At first, the report seems awfully funny: A U.S. Dairy survey of American adults shows that 7 percent — about 16 million people — believe brown cows produce chocolate milk.
So where does strawberry milk come from, pink cows? Ba dum dum.
But the punchline isn’t so funny after you hear some farmers talk about the things they’ve heard come out of the mouths of city slickers and suburbanites.
Some people don’t know potatoes come from the ground. Or that a pickle is really a cucumber. And don’t get us started on whether a tomato is a fruit or a vegetable.
Consider this from the New York Farm Bureau spokesman Steve Ammerman, who has fielded calls from people wanting to know where to go apple picking — in January.
It’s enough to make a farmer shake his or her head. “If you don’t know, you don’t know,” Ammerman said.
And clearly, too many people don’t know the source of their dinnertime meals.
Fortunately, the fruits of ongoing local efforts informing folks of not only where their food comes from, but the importance of agriculture to the community’s economy, are paying off.
The town of Canandaigua, for one, has set the preservation of its prime agricultural soils as a major goal, in part because of development pressure on these fields of green — farms in Ontario County generated $180 million in sales, according to 2012 figures. Just this year, steps to preserve forever the nearly 600-acre Catalpa Farm on Route 332, within the town’s recently instituted Padelford Brook Greenway farmland protection program, have been taken.
The Farm Bureau also encourages farmers to be more vocal about who they are and what they do — and in the case of organic farmers, why they do it that way.
Millennials take a bad rap for a lot of things, but there are encouraging signs that young people today are embracing the local food movement. Witness the popularity of Finger Lakes wines, the proliferation of craft breweries such as Young Lion Brewing Co., which opened Thursday in the City of Canandaigua, and Twisted Rail Brewing Co., which will be expanding into the city of Geneva.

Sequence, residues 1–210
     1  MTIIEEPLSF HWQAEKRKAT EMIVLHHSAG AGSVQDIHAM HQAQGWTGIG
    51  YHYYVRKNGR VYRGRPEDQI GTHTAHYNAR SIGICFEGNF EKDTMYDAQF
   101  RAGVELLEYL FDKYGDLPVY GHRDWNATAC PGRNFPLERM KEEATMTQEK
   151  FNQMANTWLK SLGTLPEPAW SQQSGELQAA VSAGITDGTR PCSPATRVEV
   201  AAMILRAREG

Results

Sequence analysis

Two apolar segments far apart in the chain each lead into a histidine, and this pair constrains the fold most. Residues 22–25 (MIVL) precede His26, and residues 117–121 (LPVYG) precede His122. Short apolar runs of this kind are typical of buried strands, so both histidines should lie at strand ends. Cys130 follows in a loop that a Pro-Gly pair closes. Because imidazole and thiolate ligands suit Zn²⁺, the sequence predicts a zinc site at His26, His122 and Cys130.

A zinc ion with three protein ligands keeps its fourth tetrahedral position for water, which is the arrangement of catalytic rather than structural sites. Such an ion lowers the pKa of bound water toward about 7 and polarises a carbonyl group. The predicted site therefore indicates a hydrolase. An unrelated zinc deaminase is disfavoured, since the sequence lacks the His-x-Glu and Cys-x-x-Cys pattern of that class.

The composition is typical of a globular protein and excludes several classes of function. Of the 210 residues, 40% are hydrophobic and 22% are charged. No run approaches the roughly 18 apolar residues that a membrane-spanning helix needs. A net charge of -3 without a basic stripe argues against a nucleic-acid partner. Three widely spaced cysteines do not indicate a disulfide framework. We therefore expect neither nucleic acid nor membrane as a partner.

The Farm Bureau doesn’t so much as lobby for more agriculture education in school districts but strongly encourages it, Ammerman said.
“We just want it to be an option for students,” Ammerman said. “Certainly, it’s not for everybody.”
While on the learning front, wouldn’t it be nice in a county that runs on agriculture if there were an agriculture museum, dedicated to displays of old and new farm equipment, perhaps demonstrations, and certainly information on the future of farming? Such an operation could sow the seeds of a growing interest in agriculture for a young child, if not turning a child into working or owning a farm.
But as the dairy survey sadly points out, clearly more needs to be done, and the good works of farmers and those who promote their products must continue.
Knowing where milk and meat and fruits and vegetables come from helps promote, protect and preserve a way of life that helped build the communities we know today, and we hope to toast sweet future successes tomorrow — with a glass of chocolate milk.